Between all the sex, violence, dragons and zombies, Game of Thrones (and the books that inspired it) can provide several valuable lessons about managing your personal finances, as well as helpful examples and cautionary tales (spoilers for previous seasons to follow):
Rub two coins together to breed a third
“They’re only numbers – numbers on paper. Once you understand them, it’s easy to make them behave.” – Littlefinger
Lord Petyr “Littlefinger” Baelish starts the series as King Robert’s Master of Coin (the royal treasurer). While this position earns him little respect in a kingdom where bloodlines and battle glories are valued over financial savvy, it allows him to engage in plenty of self-serving schemes and plots, right under the royal nose.
Rather than simply counting the King’s coins to spend on wine, women and song, Littlefinger takes an active role in managing the kingdom’s wealth: investing it here, withdrawing it there, and finding ways to keep the kingdom afloat.
Instead of locking your own money up in a vault (or bank account), consider looking for ways to increase your wealth. Depositing some of your money into a savings account or term deposit can allow you to earn interest, and there are many other investment options available to think about.
Watch your spending and borrowing
Bronn: I’ve never borrowed money before. I’m not clear on the rules.
Tyrion: Well, the basic principle is, I lend you money, and after an agreed upon period of time, you return it, with interest.
Bronn: And what if I don’t?
Tyrion: Well, you have to.
Bronn: Well, what if I don’t?
Tyrion: This is why I don’t lend you money.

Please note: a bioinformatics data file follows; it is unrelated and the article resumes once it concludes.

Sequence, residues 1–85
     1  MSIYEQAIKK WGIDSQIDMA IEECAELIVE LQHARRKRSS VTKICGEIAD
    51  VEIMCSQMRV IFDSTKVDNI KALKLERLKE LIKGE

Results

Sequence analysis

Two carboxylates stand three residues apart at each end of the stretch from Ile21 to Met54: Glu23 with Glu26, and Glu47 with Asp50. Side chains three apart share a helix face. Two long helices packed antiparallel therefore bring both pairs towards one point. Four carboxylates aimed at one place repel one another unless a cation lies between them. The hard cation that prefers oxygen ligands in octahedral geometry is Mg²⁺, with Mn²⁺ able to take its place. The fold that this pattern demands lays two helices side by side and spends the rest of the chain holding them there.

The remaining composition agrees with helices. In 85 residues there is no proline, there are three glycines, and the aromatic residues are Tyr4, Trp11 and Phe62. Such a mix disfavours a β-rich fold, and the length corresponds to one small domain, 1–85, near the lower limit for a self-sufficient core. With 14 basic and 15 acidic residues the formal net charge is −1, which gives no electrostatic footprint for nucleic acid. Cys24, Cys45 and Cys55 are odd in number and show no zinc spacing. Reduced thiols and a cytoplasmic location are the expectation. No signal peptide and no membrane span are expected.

When Tyrion Lannister later takes over Littlefinger’s position as Master of Coin, he discovers the truth – rather than getting the crown’s money from investments, or even stealing it, Littlefinger’s been borrowing it. And between financing the late King Robert’s extravagant lifestyle, waging the War of Five Kings, and paying for King Joffrey’s upcoming wedding, the Iron Throne is now millions in debt.
Every loan is a risk, so try to borrow money carefully, and consider what benefits it may bring you. For example, borrowing money to buy a home or a car can cost a lot in interest and fees, but you’ll own an asset that’s valuable (e.g. a home or investment property) and/or useful (e.g. your own set of wheels). But borrowing to pay for one-off luxuries or unplanned expenses (e.g. weddings with 77-course feasts) could risk leaving you trapped in debt, without much to show for it, as your interest charges build up.
Always pay your debts
“A common saying, but not their official motto.” – Maester Luwin
The unofficial Lannister words can be a promise, a sinister threat, or both. Tyrion Lannister goes out of his way to repay kindnesses done to him, such as tossing his coin purse to Mord the jailer at the Eyrie, or offering to double any competing offer for Bronn’s sellsword services. Cersei Lannister never forgets a slight against her, and repays them with everything from barbed putdowns to bloody (and explosive) murder.
If you want to save money, it’s often wise to try and pay your own debts as quickly as you can afford. The longer you owe a debt, the more you’ll be charged in interest, and the more your loan will ultimately cost you. Making extra repayments can help reduce your loan principal, shrinking your interest charges and bringing you closer to making an early exit from your loan.
The Iron Bank will have its due
“Across the Narrow Sea, your books are filled with words like “usurper” and “madman” and “blood right.” Here, our books are filled with numbers. We prefer the stories they tell. More plain. Less… open to interpretation.” – Tycho Nestoris of the Iron Bank of Braavos
When grumpy grammar nerd Stannis Baratheon started planning his second attempt to seize the Iron Throne, he applied for a loan from the Iron Bank of Braavos to pay for his war. However, the bankers turned him down, pointing out the odds of victory weren’t in his favour. It took an earnest speech from Ser Davos “Onion Knight” Seaworth vouching for Stannis’ personal integrity and pointing out the unreliability of the Lannisters, who presently held the throne and owed substantial debts to the Iron Bank, to bring them around.